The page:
Log4j has been the talk of the town for several weeks now. We have also already commented on this in a detailed post blog about Log4j and Log4Shell.
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"In a sensational wave of attacks, tens of thousands of servers worldwide fell victim to cyberattacks in December 2021 due to a security vulnerability in Log4j. The vulnerabilities had been utilised in the so-called zero-day exploit by a previously unknown espionage group..."
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Another Top Result from the User Survey Among IT Security Experts
DriveLock has been voted one of the Champions in Endpoint Protection in the "Professional User Rating - Security Solutions (PUR-S)" survey conducted by analyst firm techconsult for two consecutive years.
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National information security authorities are warning: A critical vulnerability, also known as Log4Shell, LogJam or CVE-2021-44228, has been detected in Java Log4j library.
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The second major release of this year is notably not only for extensive improvements but also for the unification of management and configuration functions under one interface: the web-based "DriveLock Operations Center" (DOC). This web-based DOC is the central interface for overviews, dashboards and report generation. It has been revised and is now the central platform for all daily management tasks of the DriveLock solution.
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Topic: Native Security
According to Forrester analysts, native security offerings for operating systems have improved significantly in recent years. How will these solutions compare to paid third-party solutions in the future?
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The background story is that despite the existence of the Kaseya vulnerability, a decent endpoint security solution could have provided better outcome. Because in the worst case, the malware could have been installed, but the security solution would have prevented its execution - and thus also the encryption of the endpoints.
The media recently reported that a hacker attack via IT service provider Kaseya affects thousands of companies.
zdnet.com reported “attackers managed to compromise the vendor's software to push a malicious update to thousands of customers. (…) an estimated 1,000 companies have had servers and workstations encrypted. The vendor added that it is reasonable to suggest "thousands of small businesses" may have been impacted. (…) The cyberattack has been attributed to the REvil/Sodinikibi ransomware group who have ties to Russia, which has claimed responsibility on its Dark Web leak site, "Happy Blog."”.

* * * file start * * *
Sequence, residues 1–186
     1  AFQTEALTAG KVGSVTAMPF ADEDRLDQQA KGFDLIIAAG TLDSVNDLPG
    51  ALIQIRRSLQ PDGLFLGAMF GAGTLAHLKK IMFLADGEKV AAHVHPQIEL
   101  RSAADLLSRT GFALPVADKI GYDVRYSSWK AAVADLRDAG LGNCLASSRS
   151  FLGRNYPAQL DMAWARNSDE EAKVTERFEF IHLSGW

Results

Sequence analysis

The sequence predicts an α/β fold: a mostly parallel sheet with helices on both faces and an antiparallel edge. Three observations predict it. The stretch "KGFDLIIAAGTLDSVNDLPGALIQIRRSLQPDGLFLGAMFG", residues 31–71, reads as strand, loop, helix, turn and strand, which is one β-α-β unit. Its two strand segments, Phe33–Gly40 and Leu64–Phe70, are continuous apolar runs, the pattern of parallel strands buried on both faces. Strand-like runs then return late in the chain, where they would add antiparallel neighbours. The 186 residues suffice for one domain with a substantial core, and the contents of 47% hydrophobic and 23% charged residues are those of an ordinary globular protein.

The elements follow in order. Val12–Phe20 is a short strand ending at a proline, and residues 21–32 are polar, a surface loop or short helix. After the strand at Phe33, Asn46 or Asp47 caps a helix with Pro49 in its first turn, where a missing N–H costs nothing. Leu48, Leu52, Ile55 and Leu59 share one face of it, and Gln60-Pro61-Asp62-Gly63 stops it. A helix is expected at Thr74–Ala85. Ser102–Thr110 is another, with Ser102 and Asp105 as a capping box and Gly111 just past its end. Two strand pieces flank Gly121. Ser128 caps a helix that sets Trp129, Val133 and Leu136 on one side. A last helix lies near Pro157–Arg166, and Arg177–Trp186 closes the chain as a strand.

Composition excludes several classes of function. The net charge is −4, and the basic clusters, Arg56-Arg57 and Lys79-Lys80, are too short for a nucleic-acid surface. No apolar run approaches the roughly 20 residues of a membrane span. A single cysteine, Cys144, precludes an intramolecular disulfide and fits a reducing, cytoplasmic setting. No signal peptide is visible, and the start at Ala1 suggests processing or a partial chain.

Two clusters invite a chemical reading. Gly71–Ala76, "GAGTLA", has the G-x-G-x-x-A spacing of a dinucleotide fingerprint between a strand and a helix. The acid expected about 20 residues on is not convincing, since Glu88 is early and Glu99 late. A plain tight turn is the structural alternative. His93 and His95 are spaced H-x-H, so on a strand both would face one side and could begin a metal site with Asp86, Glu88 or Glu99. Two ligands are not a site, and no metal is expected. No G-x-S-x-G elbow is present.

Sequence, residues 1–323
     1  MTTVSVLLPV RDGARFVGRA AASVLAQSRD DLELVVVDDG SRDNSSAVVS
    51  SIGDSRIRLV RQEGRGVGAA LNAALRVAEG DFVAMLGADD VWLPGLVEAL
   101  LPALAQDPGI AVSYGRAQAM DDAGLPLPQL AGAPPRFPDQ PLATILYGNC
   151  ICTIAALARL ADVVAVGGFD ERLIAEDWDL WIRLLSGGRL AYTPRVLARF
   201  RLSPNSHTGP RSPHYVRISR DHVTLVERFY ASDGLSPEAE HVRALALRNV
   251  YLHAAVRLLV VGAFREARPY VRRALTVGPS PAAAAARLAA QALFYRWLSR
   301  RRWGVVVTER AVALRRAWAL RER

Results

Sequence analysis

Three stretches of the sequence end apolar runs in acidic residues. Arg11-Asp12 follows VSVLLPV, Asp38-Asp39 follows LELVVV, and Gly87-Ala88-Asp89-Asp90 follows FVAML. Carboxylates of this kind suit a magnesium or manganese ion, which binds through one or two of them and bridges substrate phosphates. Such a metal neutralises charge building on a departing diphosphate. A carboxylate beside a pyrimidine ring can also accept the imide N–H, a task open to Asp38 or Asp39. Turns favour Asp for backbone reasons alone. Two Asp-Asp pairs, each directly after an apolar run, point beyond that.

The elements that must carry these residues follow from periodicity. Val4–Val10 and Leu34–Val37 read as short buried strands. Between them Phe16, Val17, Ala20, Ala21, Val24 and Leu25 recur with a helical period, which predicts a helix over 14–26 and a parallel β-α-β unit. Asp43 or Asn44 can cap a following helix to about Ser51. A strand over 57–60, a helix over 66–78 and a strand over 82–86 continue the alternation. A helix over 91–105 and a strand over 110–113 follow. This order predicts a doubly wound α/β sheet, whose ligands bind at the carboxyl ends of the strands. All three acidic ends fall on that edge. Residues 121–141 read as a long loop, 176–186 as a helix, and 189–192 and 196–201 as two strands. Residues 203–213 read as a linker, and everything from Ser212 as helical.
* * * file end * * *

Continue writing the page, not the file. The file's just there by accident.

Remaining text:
This shows that the attack hit companies of all sizes, as well as across multiple verticals. So, irrespective of the budget or vertical, everyone is vulnerable.
At the time of an attack in a zero-day exploit - i.e. a targeted exploitation of a known or unknown vulnerability in a piece of software - we know nothing about the attack tactics or the attack vectors. But we know that we have to protect ourselves against the unknown. Therefore, I am not so much concerned with the vulnerability in the Kaseya infrastructure per se, but rather with how we can successfully prevent the exploitation of all vulnerabilities and thus allow companies to be secure.
Through a simplified summary of the somewhat complex process I would like to show where DriveLock solutions could have helped to avoid the attacks.
For the following sections I refer to the Sophos News website.
REvil was able to deploy and run its dropper locally to all customers’ endpoints without testing through the Kaseya agent. Certain directories on the endpoint are deliberately and intentionally ignored by the Kaseya agent through exclusions. This opened the way for a malicious payload agent.crt file to be written to the VSA agent's working directory for updates. After deploying the payload, the Kaseya agent then executed the following Windows shell commands concatenated into a single string:
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“There are only two types of companies: those that have been hacked, and those that will be."
Former FBI Director Robert Mueller
No one can escape the threat of a cyber attack. One vulnerability is all an attacker needs to gain unprecedented access to all of your organisation’s confidential files and information. Not only is your company’s data at risk, but also your client’s. So it is of paramount importance that your organisation strengthens its cyber security software and practices. But how confident are you in your company’s ability to counteract cyber attacks?
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Stay on the "bright side of life".
Recently, the attack by the "Darkside” hacker group on the pipeline operator Colonial in the USA has once again brought the topic of IT security into the spotlight. The attack was covered in mainstream news and caused panic buying as well as petrol shortages on the East Coast of the U.S., and even led to a state of emergency being declared in some U.S. states. This shows that attacks, specifically those targeting companies in the critical infrastructure field, can have enormous impacts on society.